This article originally appeared at Salon on October 26, 1998.
Two weeks ago, Matthew Shepard was tortured and left to die on the high plains of Wyoming simply because he was gay. On June 7, a similar attack was made against James Byrd Jr., a black man in Texas. Both murders were followed by outpourings of grief and public rage, expressed in editorial comments and from political pulpits across the nation. These were appropriate if extraordinary responses to crimes against ordinary citizens, whose untimely deaths would otherwise have been unremarkable because they are all too common.
It was the fact that the perpetrators and victims were set apart by communal bigotries, for which the crimes served as particularly violent expressions, that made the acts seem so important. The enhanced sense of human depravity that colored the public reactions to these incidents lies in our shared conviction that their nature as hate crimes made them an outrage to the nation’s sense of self, as well as a threat to its communal future. Well and good enough. These responses are signs of health in the body politic, the presence of a will to summon the better angels of our nature, and to keep the savagery that lurks beneath the surface of any civilized society firmly at bay.
But these expressions did not exhaust the public response to the two crimes. While libertarians and conservatives looked on in dismay, a coalition of radical and liberal activists, led by Congressman Barney Frank, D-Mass., and other gay spokesmen, mounted the Capitol steps in Washington to pressure Congress into passing a bill that would extend existing federal hate crimes legislation to also cover the categories of gender, sexual orientation and handicapped status, and to make all such crimes easier to prosecute. They were joined in the call by the president himself.
Legal concerns were immediately voiced by nonparticipants about the civil liberties implications of the proposed legislation. Probing the intentions of any perpetrator, and especially those involved in crimes against victims who were already the targets of community prejudice, posed troubling issues. For example: the temptation offered to aggressive prosecutors to postulate such intentions where none might exist. In a sobering column, George Will recalled a recent example of perverse legal reasoning when applying the hate crime standard. In 1989, a white female jogger was raped and beaten into a coma by a gang of black and Hispanic youths on a “wilding” rampage. The act was not deemed a “hate crime” by prosecutors, and the perpetrators did not suffer enhanced penalties under the law, “because they also assaulted Hispanics that evening. They got more lenient treatment because of the catholicity of their barbarism.” Of course, the act they committed — rape — could be characterized as a hate crime in and of itself.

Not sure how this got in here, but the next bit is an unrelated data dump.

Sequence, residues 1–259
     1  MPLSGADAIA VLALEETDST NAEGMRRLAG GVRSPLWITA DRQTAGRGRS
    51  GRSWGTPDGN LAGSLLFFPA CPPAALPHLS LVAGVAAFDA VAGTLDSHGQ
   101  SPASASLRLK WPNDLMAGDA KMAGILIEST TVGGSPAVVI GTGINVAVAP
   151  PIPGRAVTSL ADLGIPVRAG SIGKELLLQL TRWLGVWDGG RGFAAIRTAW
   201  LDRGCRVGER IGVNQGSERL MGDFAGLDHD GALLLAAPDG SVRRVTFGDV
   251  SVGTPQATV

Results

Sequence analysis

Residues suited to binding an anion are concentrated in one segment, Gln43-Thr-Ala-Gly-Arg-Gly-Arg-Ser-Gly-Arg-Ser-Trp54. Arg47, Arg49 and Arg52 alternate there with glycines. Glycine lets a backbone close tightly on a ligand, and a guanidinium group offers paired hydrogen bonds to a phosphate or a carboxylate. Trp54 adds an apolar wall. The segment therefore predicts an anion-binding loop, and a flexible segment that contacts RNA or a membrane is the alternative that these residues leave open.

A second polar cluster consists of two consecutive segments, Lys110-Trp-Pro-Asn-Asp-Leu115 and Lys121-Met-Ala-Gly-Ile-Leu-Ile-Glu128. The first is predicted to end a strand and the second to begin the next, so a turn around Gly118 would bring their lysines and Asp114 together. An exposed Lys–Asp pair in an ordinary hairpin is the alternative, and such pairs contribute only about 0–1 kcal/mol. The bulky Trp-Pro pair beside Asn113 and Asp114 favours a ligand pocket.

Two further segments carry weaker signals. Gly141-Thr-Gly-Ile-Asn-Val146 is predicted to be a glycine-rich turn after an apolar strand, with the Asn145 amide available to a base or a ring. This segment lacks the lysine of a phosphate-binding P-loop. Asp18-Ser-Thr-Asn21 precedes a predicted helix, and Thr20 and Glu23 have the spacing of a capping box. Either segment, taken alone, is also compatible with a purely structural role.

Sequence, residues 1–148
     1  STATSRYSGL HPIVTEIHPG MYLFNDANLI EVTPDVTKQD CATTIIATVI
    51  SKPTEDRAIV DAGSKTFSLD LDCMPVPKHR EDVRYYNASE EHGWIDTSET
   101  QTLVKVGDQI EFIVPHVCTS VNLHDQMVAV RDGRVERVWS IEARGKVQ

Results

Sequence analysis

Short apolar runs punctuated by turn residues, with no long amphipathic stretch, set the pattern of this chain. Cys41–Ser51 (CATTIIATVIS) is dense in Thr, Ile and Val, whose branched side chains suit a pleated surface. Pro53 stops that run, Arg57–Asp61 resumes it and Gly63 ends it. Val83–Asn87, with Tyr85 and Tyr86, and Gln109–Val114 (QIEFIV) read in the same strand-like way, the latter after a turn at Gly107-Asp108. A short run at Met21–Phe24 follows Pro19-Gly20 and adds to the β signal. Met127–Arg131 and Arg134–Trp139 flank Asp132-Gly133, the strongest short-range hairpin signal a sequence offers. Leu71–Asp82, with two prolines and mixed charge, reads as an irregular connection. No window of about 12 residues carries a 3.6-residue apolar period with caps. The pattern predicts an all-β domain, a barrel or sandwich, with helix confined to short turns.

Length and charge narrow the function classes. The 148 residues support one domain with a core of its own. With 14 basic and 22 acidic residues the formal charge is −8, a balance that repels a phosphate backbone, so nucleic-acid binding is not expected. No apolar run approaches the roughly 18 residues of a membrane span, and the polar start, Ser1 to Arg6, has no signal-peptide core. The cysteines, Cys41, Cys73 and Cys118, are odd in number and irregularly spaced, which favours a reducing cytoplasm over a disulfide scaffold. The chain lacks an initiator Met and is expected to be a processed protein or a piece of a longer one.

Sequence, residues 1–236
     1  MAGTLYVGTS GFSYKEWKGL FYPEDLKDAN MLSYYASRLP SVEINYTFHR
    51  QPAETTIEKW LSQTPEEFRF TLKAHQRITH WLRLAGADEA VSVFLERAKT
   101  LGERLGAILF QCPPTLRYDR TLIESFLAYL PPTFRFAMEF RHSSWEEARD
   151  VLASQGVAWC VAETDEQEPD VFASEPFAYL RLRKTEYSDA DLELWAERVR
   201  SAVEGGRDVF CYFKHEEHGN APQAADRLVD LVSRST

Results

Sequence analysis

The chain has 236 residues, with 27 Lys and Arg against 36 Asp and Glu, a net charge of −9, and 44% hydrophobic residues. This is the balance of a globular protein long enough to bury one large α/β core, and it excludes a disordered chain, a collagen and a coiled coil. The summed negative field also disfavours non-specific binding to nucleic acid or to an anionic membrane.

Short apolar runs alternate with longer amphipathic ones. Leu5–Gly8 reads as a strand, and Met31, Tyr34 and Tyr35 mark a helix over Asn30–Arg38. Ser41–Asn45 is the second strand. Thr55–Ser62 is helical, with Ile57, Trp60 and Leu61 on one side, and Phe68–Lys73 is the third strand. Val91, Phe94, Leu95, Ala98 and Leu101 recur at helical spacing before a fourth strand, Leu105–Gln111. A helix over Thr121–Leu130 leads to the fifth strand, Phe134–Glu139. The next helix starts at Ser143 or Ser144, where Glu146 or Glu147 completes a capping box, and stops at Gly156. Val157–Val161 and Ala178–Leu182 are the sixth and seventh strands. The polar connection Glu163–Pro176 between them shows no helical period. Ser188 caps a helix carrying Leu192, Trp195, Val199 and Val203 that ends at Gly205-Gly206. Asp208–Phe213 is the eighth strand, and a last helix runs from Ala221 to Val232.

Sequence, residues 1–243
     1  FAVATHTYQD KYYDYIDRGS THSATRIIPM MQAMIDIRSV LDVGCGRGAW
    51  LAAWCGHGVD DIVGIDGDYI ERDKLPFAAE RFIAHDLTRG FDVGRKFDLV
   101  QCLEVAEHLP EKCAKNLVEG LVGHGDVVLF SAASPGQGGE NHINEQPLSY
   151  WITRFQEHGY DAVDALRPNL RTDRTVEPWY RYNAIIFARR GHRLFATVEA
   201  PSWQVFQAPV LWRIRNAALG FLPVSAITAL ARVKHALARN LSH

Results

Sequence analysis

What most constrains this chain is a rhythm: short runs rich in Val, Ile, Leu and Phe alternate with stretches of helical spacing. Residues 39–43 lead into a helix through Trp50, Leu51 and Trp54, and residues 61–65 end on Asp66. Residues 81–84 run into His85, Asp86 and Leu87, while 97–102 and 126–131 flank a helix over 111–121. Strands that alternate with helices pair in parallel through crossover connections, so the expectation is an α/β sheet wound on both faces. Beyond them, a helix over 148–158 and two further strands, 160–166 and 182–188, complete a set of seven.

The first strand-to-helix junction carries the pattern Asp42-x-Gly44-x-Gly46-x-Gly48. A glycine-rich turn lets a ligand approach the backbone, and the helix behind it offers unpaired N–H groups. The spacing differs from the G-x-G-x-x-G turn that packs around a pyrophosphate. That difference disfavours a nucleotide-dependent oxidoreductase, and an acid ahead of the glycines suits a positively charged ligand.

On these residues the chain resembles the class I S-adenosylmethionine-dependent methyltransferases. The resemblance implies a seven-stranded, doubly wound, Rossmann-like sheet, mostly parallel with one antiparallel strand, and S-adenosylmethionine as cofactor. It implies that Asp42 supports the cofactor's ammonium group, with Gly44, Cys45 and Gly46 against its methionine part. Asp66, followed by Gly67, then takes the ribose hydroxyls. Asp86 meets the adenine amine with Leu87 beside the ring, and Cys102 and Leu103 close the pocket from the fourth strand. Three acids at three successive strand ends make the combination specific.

In the emotional melodrama unleashed by the murder of Matthew Shepard, the left has once again found its political oxygen. Temporarily thrown by feminist hypocrisies around the Clinton scandal, the left has recovered its balance with the prospect of once again rallying behind society’s victims and against their victimizers. The absence of conservatives and libertarians among the Capitol protesters only serves to confirm the enduring sense of righteousness that fuels the progressive agenda.
This politics of the left is what George Will calls “a sentiment competition,” which is “less about changing society than striking poses.” The proposed multiplication of hate-crime categories, which stipulate that some crime victims are more important than others, would be what Will calls “an imprudent extension of identity politics.” It would work against, not for, the principle of social tolerance.
A little more than a year before the attack on James Byrd in Texas, three white Michigan youngsters hitched a train ride as a teenage lark. When they got off the train, they found themselves in the wrong urban neighborhood, surrounded by a gang of armed black youths. One of the white teenagers, Michael Carter, 14, was killed. Dustin Kaiser, 15, was brutally beaten and shot in the head, but eventually survived. The 14-year-old girl (whose name has been withheld) was pistol-whipped and shot in the face after being forced to perform oral sex on her attackers.
Though the six African-Americans responsible for the deed were arrested and convicted, their attack was not prosecuted as a hate crime. Though they were all legally adults, ranging in age from 18 to 23, none of them received the death penalty. More to the point, most of the nation never knew that the crime had taken place. It was not reported on page one of the national press, and there was no public outrage expressed in national editorials or in the halls of Congress. Indeed, the few papers that reported the incident nationally did so on their inside pages.